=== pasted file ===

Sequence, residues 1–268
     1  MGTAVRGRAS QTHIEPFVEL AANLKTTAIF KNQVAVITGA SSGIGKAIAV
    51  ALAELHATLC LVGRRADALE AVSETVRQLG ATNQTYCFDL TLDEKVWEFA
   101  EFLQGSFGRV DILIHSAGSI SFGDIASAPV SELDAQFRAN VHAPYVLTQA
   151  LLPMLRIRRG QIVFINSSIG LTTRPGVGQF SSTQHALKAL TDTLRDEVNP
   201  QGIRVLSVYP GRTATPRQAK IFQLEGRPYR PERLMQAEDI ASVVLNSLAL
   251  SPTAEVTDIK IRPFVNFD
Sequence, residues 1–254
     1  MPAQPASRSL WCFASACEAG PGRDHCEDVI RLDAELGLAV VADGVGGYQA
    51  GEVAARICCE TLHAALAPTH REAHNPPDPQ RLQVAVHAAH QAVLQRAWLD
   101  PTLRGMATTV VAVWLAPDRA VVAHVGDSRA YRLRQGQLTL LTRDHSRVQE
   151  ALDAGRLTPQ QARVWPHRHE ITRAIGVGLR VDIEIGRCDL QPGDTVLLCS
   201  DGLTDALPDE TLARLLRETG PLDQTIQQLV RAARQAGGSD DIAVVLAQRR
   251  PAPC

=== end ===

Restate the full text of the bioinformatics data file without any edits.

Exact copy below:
Sequence, residues 1–268
     1  MGTAVRGRAS QTHIEPFVEL AANLKTTAIF KNQVAVITGA SSGIGKAIAV
    51  ALAELHATLC LVGRRADALE AVSETVRQLG ATNQTYCFDL TLDEKVWEFA
   101  EFLQGSFGRV DILIHSAGSI SFGDIASAPV SELDAQFRAN VHAPYVLTQA
   151  LLPMLRIRRG QIVFINSSIG LTTRPGVGQF SSTQHALKAL TDTLRDEVNP
   201  QGIRVLSVYP GRTATPRQAK IFQLEGRPYR PERLMQAEDI ASVVLNSLAL
   251  SPTAEVTDIK IRPFVNFD
Sequence, residues 1–254
     1  MPAQPASRSL WCFASACEAG PGRDHCEDVI RLDAELGLAV VADGVGGYQA
    51  GEVAARICCE TLHAALAPTH REAHNPPDPQ RLQVAVHAAH QAVLQRAWLD
   101  PTLRGMATTV VAVWLAPDRA VVAHVGDSRA YRLRQGQLTL LTRDHSRVQE
   151  ALDAGRLTPQ QARVWPHRHE ITRAIGVGLR VDIEIGRCDL QPGDTVLLCS
   201  DGLTDALPDE TLARLLRETG PLDQTIQQLV RAARQAGGSD DIAVVLAQRR
   251  PAPC